Lately, my three-year-old son has been asking to go to meditation with me.
In his little voice, which is the cutest thing in the world, he skips the “d” and it melts my whole existence every time he does it.
One day, during soccer practice when they were stretching in butterfly, the coach asked him, “where are you going with those wings?” and he responded, “to meitation”—I almost cried.
But his interest in the practice of meditation and yoga is not only because of me and my husband.
Yes, we encourage it, we always talk about our practices at home, and it has become a very important part of our lives—it has even saved our relationship in the past and helped us open our hearts and ears to one another.
But it’s also thanks to his day care and preschool teachers who have integrated a daily practice for the little humans that attend the school in Williamsburg, Brooklyn.
It might not always be perfect—because again, they are toddlers—but it is magical to see how naturally inclined and curious they are about the practice.
They are not the only ones. Every week I hear stories of schools integrating meditation into their schedules, radically switching the detention system into a more mindful approach where students now have the opportunity to explore their emotions and breath.
This kind of news makes me excited about what the future can look if we keep working to spread and grow as a more mindful society.
To paraphrase one of my teachers at MNDFL Williamsburg, “The amount of information we receive in today’s world can be really overwhelming, and it is nothing compared to what information was 10, 30, or 100 years ago—we, humans, cannot process the amount of information constantly hitting us and that is why meditation is so important in our lives today—it helps us process, it helps us ground ourselves, and it keeps us sane.”
This idea shook me up.
I have been practicing for around five years, first as an addition to my yoga practice, then I started using meditation apps to help reduce stress, anxiety, and insomnia. It was until recently, when I built a true meditation routine that my perspective and motivation completely changed.
Meditation has become my daily opportunity to recalibrate my mind and well-being.
Compassion has become my motor in life—toward me and then toward those around me. Don’t get me wrong, I’m far from perfect, but that’s the beautiful thing: I don’t feel an urge to be impeccable anymore.
I’ve come to be comfortable with my mistakes and setbacks—even on the days that life gets in the way and I can’t make it to my practice.
We live in a world that is certainly in need of compassion and kindness, where ethics are blurry and suffering has become overwhelming.
But like Pema Chödrön said in her apology, “it is good news that this is all coming out and that the old culture is being shaken up. When things fall apart like this, there is the chance for positive change.”
I love the idea of rebirth. I don’t really believe in reincarnation, but I believe in the opportunity of a daily rebirth on both personal and collective levels.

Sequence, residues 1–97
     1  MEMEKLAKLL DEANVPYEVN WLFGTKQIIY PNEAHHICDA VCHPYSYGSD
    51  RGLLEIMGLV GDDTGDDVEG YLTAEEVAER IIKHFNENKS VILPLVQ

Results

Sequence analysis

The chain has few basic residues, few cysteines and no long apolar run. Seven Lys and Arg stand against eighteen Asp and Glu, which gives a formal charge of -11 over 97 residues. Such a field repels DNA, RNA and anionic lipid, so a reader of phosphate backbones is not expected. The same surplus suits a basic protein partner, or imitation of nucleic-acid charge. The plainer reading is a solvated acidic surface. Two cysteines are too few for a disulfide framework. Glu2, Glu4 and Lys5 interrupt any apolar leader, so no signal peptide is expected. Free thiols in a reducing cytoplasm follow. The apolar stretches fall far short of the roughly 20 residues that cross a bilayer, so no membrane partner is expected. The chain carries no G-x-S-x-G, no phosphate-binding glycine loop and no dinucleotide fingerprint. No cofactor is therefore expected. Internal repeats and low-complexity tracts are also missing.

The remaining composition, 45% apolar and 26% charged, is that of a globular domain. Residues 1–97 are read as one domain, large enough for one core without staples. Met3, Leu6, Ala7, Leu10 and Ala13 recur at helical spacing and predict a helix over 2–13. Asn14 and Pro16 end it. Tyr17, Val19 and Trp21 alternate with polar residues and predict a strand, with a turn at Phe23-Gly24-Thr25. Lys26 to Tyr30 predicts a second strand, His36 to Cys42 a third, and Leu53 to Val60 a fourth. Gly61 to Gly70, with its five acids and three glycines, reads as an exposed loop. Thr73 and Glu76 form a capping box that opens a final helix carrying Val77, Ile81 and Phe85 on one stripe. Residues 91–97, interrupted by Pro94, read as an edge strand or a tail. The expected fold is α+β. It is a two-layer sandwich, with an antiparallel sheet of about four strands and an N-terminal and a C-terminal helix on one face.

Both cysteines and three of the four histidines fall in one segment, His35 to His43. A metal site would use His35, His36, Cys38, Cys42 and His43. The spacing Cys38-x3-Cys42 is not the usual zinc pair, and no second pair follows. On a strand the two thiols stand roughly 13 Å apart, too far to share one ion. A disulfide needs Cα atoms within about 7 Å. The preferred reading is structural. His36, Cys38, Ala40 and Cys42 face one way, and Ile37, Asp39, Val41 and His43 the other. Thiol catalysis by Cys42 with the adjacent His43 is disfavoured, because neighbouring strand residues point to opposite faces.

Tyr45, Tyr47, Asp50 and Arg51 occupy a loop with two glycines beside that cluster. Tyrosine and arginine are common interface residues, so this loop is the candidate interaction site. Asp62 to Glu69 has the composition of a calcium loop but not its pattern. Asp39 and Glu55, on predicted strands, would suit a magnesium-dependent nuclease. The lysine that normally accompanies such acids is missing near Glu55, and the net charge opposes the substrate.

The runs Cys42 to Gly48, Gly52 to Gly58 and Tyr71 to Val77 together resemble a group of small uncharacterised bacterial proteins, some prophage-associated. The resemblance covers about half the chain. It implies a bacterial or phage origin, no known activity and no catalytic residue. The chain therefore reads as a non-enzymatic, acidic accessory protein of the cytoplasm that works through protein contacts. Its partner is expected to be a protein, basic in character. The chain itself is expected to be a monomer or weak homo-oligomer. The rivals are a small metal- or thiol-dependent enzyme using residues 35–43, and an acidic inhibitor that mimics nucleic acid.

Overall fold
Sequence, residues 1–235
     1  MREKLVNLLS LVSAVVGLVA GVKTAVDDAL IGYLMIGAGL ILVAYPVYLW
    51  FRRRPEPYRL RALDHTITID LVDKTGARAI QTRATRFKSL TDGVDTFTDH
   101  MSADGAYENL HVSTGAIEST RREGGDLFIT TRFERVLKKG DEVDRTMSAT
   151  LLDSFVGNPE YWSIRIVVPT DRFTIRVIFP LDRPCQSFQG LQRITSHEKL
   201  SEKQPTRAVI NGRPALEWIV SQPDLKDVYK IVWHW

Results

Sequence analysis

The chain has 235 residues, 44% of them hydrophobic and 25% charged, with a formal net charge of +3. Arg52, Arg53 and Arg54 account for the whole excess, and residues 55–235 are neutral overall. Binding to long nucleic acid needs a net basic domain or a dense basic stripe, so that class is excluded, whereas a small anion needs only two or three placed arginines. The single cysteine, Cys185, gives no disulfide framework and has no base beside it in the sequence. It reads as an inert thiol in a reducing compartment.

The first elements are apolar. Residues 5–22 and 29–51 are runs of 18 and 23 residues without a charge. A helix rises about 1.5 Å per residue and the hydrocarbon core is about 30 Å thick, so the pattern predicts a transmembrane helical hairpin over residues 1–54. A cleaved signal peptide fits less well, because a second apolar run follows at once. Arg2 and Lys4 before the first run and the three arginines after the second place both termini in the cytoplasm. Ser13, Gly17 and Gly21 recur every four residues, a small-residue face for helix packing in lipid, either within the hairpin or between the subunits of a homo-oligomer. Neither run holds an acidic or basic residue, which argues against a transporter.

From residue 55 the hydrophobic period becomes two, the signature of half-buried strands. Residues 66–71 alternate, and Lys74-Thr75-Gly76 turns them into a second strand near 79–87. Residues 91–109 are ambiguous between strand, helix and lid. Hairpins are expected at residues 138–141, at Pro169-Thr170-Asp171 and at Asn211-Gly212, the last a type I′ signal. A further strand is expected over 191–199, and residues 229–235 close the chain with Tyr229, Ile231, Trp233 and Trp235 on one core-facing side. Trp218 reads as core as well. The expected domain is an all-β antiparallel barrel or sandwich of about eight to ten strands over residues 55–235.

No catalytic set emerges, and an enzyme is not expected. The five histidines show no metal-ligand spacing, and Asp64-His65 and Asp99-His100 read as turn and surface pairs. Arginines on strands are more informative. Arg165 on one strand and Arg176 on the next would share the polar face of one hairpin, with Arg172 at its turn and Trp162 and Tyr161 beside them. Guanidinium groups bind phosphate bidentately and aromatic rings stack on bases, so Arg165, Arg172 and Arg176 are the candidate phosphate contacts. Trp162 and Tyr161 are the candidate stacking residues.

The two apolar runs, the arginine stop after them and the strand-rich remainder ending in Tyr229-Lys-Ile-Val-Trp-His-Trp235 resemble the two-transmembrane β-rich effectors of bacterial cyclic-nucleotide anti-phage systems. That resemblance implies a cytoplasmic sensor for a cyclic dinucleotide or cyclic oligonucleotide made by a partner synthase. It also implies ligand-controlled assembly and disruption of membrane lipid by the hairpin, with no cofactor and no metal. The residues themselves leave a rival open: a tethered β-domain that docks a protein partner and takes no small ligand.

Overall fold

We are giving humankind this opportunity by teaching our young to meditate, to cultivate love, kindness, and compassion.
Hopefully, we will not end up imposing the practice on them, but rather letting it come naturally.
Let’s practice and let our kids practice with us and grow in our patience for our practices together.
Here are five tools that have helped me with my child that I hope can be of benefit to others:
1. Talk about meditation at home. We must make it natural in our daily conversations and answer their questions about why it is that we practice and what motivates us to do so.
2. Talk about love, compassion, and kindness. Ethics is a hard term for children to understand, so we need to use language that is more relatable to them: “be kind,” “love others,” “be gentle,” and slowly integrate these into the meditation practice.
3. Light a candle for them to focus on. Obviously with adult supervision! But a candle might be a good way for everyone to focus their minds on something—until the toddler decides to blow it out.
4. “Smell the flowers, blow the candle” (without the candle). I learned this breathing technique from my son’s soccer coach and it has worked magically for us when we need to either focus and stay with our breath for a little while or just calm down from a tantrum.
It’s basically a way to teach them to breathe in through their nose (smell the flowers) and out through their mouth (blow the candle).
5. No expectations. Don’t try to impose a five minute practice from the beginning—because it won’t happen. We need to start by building an easy and flexible routine, either early in the morning right before or after breakfast or before bedtime.
Times will vary, so remind yourself and your child that “it’s okay if we only meditated for a little bit, and I’m happy that we did.”
And there will be days when the practice will not come at all—when they’ll wiggle like worms, blow the candle out, and laugh or scream, mocking our attempts to connect them to their breath.
Don’t fight, don’t force the meditation. Take a deep breath, put them to bed, or continue about the day.
Maybe take a break for a personal meditation practice and remind yourself that they are so young—they are children and we are trying to help them build a habit, but it is their habit and they will fall sometimes because that’s how life works.
May we all take part in the rebirth of a more compassionate, kind, and loving world.